4 tips on providing optometric care for children with autism

May 1, 2019
The CDC estimates that 1 in 59 children are diagnosed with autism by age 8. Optometry can play an essential role in helping these children to a better place.
Tips on providing optometric care for children with autism

For more than half of his nearly 40 years in optometry, Carl Garbus, O.D., has been caring for children with special needs. With the recent observance of national Autism Awareness Month, Dr. Garbus shares what his years of experience have taught him about the role of optometry in vision therapy for autistic children.

The need is evident. In 2014, the Centers for Disease Control and Prevention issued a report estimating that 1 in 59 children had been diagnosed with autism by age 8. The earlier the visual deficits of autism are identified, the quicker interventions can be made to improve their educational and occupational opportunities.

Children with autism spectrum disorder have social interaction and communication problems, difficulty relating to people, things and events, according to the American Psychiatric Association.

"Optometry has so much to offer in helping children with developmental disabilities get to a better place," says Dr. Garbus, who chairs the AOA's Vision Rehabilitation Committee and formerly served as president of the Neuro-Optometric Rehabilitation Association. "Doctors of optometry have a piece of the puzzle that needs to be exposed and presented to parents because a lot of the time they don't realize the need for a visual examination for a child who's having learning problems.

"I explain to parents that about 70 to 80% of what we learn is through the visual system," he adds. "If the child is having trouble learning, there's a good chance there's a visual disconnect or poor integration with auditory or vestibular systems. With the right therapy, interactions/connections between visual, auditory and vestibular systems improve and so does learning. Optometric vision rehabilitation, along with occupational therapy, can make significant improvements in the functioning of the autistic child. Multi-sensory stimulation is a key element in the therapy program."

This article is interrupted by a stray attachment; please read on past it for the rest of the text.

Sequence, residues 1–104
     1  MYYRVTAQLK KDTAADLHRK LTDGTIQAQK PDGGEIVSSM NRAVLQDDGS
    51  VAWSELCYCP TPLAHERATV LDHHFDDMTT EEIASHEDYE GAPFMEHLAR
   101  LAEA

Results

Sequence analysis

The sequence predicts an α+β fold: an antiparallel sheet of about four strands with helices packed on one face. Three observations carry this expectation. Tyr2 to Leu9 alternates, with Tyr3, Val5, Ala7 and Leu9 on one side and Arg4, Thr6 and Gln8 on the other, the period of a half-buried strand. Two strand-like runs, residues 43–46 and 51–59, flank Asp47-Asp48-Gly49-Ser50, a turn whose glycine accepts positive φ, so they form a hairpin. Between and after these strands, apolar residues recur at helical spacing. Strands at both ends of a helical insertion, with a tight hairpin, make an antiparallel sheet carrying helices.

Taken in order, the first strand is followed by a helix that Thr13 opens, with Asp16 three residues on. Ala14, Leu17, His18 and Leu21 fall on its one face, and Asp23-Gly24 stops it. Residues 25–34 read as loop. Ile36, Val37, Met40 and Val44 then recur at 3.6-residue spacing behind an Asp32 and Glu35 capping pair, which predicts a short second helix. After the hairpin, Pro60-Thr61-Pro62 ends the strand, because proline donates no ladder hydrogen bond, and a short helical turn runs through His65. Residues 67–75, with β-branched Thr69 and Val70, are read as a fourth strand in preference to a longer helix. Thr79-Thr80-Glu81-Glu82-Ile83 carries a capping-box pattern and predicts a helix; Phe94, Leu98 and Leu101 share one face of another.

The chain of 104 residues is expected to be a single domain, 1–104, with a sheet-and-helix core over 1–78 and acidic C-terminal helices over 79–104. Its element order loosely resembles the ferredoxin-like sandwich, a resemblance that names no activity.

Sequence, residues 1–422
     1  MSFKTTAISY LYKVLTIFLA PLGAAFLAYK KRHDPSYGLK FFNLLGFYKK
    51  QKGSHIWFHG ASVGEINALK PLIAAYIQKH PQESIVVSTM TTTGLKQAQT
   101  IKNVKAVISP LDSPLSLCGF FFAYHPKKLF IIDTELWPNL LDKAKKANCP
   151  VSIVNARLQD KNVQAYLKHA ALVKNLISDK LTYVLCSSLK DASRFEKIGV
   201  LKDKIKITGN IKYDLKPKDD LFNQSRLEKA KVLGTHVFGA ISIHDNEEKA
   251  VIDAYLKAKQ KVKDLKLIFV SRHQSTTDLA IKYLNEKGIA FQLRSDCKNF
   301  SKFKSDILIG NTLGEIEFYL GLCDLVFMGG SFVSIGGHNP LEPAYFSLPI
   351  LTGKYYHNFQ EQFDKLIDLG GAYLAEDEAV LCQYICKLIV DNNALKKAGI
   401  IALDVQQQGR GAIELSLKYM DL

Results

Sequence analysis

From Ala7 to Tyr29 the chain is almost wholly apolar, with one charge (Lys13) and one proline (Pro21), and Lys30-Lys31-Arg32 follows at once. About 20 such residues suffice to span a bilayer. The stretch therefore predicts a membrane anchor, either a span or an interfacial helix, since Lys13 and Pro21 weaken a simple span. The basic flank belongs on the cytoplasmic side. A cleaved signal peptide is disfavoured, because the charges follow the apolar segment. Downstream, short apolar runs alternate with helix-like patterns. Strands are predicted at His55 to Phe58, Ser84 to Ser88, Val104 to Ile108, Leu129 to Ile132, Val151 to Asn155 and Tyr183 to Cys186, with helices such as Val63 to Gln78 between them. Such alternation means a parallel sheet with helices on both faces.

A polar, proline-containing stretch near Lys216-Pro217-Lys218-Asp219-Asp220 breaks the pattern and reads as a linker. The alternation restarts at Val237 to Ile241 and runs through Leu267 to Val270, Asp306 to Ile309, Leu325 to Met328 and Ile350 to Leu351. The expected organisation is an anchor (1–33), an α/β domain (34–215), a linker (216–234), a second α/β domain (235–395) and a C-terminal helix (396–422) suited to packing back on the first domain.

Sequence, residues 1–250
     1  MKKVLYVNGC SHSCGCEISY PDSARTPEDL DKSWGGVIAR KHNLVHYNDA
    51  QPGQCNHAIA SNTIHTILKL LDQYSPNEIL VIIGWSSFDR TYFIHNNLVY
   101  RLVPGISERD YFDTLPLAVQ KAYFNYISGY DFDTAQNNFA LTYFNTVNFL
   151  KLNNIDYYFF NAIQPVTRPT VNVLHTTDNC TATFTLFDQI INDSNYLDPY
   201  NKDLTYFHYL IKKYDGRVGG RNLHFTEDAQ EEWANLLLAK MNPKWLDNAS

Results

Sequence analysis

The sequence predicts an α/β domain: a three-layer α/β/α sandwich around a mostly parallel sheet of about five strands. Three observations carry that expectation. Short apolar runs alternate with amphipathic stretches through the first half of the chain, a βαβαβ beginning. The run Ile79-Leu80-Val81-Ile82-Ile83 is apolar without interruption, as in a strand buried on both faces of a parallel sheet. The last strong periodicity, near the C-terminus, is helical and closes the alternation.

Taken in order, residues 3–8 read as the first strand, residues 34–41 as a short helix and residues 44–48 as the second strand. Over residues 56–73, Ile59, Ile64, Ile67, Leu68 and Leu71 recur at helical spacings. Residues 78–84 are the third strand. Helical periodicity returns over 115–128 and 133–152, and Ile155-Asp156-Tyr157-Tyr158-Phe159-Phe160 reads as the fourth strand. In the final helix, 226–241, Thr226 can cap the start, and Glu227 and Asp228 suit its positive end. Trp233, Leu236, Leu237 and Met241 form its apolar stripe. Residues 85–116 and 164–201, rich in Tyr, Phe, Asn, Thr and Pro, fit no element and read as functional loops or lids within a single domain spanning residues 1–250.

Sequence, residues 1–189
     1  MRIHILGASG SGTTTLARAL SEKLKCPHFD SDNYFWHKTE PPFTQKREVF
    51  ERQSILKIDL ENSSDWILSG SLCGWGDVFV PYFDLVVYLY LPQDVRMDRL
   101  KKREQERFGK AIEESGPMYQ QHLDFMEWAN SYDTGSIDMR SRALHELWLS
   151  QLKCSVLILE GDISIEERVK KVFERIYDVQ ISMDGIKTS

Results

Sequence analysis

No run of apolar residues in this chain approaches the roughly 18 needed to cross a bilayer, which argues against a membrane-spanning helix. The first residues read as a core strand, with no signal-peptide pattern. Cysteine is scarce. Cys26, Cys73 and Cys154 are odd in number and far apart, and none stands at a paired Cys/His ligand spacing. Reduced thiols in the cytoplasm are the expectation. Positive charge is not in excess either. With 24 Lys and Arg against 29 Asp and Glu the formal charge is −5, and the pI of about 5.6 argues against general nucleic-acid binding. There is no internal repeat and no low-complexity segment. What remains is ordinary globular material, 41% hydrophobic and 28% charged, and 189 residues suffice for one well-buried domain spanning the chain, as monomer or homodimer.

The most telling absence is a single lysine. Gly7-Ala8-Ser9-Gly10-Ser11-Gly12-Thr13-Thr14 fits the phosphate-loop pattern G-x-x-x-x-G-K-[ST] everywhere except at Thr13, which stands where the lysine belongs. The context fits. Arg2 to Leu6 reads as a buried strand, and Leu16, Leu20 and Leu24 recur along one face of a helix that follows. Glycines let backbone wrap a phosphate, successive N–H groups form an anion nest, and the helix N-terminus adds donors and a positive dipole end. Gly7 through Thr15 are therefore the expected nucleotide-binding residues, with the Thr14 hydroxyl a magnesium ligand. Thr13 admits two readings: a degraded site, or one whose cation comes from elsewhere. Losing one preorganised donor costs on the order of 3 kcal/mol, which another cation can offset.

For children on the autism spectrum, sensory overload can be a challenge for them and doctors of optometry. Special care needs to be taken at a practice. Some learnings from Dr. Garbus:

  • Earn the trust of the patient first. "Be prepared to find out what the child likes," Dr. Garbus says. "These children are often afraid of doctors and will close down. Find out what interests the child: toys, books, games, and incorporate this into the evaluation. Set up the exam room so that it is child-friendly. Have toys and videos." Not only do these objects occupy and sometimes soothe children, they also present an opportunity for doctors to "be a good observer," he says.

  • Allow for additional evaluation time in an non-hectic environment. Be sensitive to the environment. For instance, patients with autism can be sensitive to lighting. "Don't be in a hurry to do your traditional evaluation." Dr. Garbus says. "Modify and be sensitive to the child's needs. Simple and quick tests are important in the examination, including the Lang Stereo Test; child fixation targets that flash, make sounds and move; the Hirschberg test; and the Bruckner test. Use skiascopy bars to perform retinoscopy."

  • Get a more extensive patient history. "Find out about the child's diet," Dr. Garbus says. "Does the child have a special diet? Are they sensitive to light? Are they squinting? Try to obtain information on the child before their appointment; send the office questionnaire to the parents early. They spend the most time with a child. You need a developmental history, and make sure you have an extensive symptoms checklist and that it is filled out."

  • Collaborate with other care providers. "Does the child's pediatrician specialize in developmental problems?" Dr. Garbus asks. "What types of services are the child currently receiving? Try to obtain information from the occupational therapist, physical therapist or speech therapist."

The typical autism patient seen by Dr. Garbus is between ages 6 and 12, though he sees children younger and older. If he has done his job correctly, Dr. Garbus says, children are no longer scared of this new environment and trust has been established by the evaluation's end.

The work is rewarding. "Sometimes they come up and hug me at the end," Dr. Garbus says.

See the AOA Clinical Practice Guideline: Comprehensive Pediatric Eye and Vision Examination.

Read more about vision problems associated with developmental disabilities.

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